‘The awful torturous mistreatment our son received at the hands of North Koreans ensured that no other outcome was possible beyond the sad one we experienced today,’ Fred and Cindy Warmbier said in a statement.
Donald Trump also took aim at Kim Jong Un after offering his ‘deepest condolences to the Warmbier family.
‘Melania and I offer our deepest condolences to the family of Otto Warmbier on his untimely passing,’ a statement from the White House read.
‘There is nothing more tragic for a parent than to lose a child in the prime of life. Our thoughts and prayers are with Otto’s family and friends, and all who loved him.’
‘Otto’s fate deepens my Administration’s determination to prevent such tragedies from befalling innocent people at the hands of regimes that do not respect the rule of law or basic human decency.
‘The United States once again condemns the brutality of the North Korean regime as we mourn its latest victim.’
The White House statement was released just hours after the 22-year-old’s family confirmed his death.
Warmbier was held prisoner for 17 months in North Korea before he was returned to the United States in a vegetative state on June 13.
Trump indicated in remarks on Tuesday that he believes his predecessor, Barack Obama, could have done more to prevent the tragedy.
‘It’s a disgrace what happened to Otto. It’s a total disgrace what happened to Otto. It should never, ever be allowed to happen,’ Trump told reporters during an Oval Office photo op. ‘He should have been brought home that same day. The results would have been a lot different.’
The boy’s father says Barack Obama’s government told the family to keep a ‘low profile’ while it worked for his release. It gave up on that strategy after the government changed hands and began doing media appearances.
Fred Warmbier, Otto’s father, credits a career foreign service officer in the Bureau of East Asian and Pacific Affairs, Joeseph Yun, and the Trump administration for the release of his son.
‘It is my understanding that Ambassador Yun and his team, at the direction of the president aggressively pursued resolution of the situation,’ he said at a June 15 news conference.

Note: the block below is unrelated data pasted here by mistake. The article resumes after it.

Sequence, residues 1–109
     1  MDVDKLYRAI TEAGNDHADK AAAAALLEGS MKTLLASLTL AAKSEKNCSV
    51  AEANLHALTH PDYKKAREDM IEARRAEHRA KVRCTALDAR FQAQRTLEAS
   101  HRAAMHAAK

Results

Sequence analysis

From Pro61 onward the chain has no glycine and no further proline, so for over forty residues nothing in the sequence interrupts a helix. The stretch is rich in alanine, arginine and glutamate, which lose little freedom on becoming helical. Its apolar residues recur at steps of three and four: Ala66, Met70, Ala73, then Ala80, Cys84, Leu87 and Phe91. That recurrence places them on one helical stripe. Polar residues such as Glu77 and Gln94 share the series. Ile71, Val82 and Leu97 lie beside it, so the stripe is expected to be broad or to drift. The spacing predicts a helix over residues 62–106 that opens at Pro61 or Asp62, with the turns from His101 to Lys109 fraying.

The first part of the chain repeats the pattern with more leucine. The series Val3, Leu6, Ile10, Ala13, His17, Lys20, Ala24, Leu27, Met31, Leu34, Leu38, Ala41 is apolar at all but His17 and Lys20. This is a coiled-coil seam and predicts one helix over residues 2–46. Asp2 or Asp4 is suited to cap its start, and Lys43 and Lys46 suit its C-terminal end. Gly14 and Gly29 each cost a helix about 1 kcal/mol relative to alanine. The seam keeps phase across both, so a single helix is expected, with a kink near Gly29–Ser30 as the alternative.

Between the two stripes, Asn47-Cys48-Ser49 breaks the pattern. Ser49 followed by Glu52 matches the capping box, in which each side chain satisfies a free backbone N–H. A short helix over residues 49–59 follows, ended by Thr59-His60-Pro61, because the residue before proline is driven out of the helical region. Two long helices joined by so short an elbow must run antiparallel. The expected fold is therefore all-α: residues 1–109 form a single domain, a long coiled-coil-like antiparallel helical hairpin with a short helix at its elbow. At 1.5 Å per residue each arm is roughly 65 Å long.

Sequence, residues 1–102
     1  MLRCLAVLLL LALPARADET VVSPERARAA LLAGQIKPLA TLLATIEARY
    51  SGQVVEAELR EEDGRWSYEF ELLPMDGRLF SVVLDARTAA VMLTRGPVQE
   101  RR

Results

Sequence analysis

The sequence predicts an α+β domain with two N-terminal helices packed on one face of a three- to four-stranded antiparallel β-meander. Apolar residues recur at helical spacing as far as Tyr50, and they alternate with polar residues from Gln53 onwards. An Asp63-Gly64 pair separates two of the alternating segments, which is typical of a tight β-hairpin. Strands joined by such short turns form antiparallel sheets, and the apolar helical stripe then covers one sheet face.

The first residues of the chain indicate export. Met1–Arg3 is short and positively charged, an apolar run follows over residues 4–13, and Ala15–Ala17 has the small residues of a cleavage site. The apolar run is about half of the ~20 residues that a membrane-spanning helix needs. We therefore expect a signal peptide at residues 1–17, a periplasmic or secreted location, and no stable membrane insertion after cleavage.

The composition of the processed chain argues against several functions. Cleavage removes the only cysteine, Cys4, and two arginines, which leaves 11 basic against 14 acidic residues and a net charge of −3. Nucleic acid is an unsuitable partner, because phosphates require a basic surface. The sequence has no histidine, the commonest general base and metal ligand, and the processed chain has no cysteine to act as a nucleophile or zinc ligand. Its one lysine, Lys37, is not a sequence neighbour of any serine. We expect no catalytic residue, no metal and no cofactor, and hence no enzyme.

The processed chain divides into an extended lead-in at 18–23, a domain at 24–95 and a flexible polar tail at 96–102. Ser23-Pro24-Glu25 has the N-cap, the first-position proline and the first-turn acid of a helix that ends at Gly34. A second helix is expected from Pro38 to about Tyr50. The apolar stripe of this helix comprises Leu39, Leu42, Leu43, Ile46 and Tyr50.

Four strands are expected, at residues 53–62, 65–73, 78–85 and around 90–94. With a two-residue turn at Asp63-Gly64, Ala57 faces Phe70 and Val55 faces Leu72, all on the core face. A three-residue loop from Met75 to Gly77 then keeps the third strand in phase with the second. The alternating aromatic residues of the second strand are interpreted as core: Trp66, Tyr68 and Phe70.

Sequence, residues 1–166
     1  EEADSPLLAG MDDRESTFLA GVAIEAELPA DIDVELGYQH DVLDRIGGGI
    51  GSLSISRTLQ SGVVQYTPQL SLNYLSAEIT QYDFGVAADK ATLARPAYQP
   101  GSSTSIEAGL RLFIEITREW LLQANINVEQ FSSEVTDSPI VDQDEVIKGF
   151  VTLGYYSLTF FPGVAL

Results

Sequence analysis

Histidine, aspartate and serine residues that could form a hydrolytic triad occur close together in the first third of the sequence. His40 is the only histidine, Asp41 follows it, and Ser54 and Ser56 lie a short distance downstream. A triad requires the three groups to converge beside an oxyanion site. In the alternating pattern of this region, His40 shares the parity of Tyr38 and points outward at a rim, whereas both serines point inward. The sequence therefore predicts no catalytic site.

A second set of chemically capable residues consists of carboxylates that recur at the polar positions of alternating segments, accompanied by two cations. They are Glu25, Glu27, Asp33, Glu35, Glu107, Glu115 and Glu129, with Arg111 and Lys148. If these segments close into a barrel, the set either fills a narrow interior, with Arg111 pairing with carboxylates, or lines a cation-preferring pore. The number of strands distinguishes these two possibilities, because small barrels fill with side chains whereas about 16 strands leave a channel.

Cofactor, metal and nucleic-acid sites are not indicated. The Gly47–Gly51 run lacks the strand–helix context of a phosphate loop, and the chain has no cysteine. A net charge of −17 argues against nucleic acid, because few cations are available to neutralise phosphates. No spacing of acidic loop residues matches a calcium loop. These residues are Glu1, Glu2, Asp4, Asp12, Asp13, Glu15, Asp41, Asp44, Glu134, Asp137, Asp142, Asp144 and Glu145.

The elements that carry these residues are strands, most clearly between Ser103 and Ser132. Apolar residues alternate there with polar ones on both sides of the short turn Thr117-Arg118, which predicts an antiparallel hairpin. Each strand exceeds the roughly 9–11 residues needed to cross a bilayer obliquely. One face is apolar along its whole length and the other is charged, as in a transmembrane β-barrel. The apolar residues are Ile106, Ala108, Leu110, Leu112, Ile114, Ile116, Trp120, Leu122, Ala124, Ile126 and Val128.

Asked about Obama’s efforts to bring back his son, and whether the former president could have done more, Warmbier said ‘the results speak for themselves.’
Trump said Tuesday that he had spoken with the Warmbier family and they are ‘incredible’ people.
‘But he should have been brought home a long time ago,’ the president added in an apparent swipe at Obama’s government.
John Kirby, the State Department spokesman at the end of Obama’s second term, told CNN earlier on Tuesday that the Democrats’ administration worked ‘very, very hard’ to get Warmbier back.
‘I understand the frustration that they feel,’ said Kirby, a retired rear admiral. ‘I can’t possibly imagine the grief they’re going through right now.’
Responding to criticisms of the Obama administration’s efforts, he said, ‘I can assure that the State Department at the very highest levels worked this very, very hard.’
White House Press Secretary Sean Spicer refused to take a whack at Obama in his briefing later in the day as he was asked about Trump’s comments criticizing the previous president.
Spicer cautiously claimed that ‘there might have been additional medical resources that could have been provided’ if Warmbier had been returned to US custody sooner.
‘He’s just obviously saddened by this entire situation, and just would have hoped that it could have been resolved earlier,’ the Trump spokesman said.
‘A lot of bad things happened. But at least we got him home to be with his parents, where they were so happy to see him, even though he was in very tough condition,’ Trump said at the top of a tech event.
Trump said Un’s government is a ‘brutal regime’ as he promised ‘we’ll be able to handle it.’
Warmbier was returned in a vegetative state to his family in Cincinnati, Ohio, after 17 months in North Korea, where he was arrested as a student for the alleged theft of a propaganda poster in January 2016.
‘Melania and I offer our deepest condolences to the family of Otto Warmbier on his untimely passing,’ a statement from the White House on Monday afternoon read.
By CHEYENNE ROUNDTREE, FRANCESCA CHAMBERS, WHITE HOUSE CORRESPONDENT FOR DAILYMAIL.COM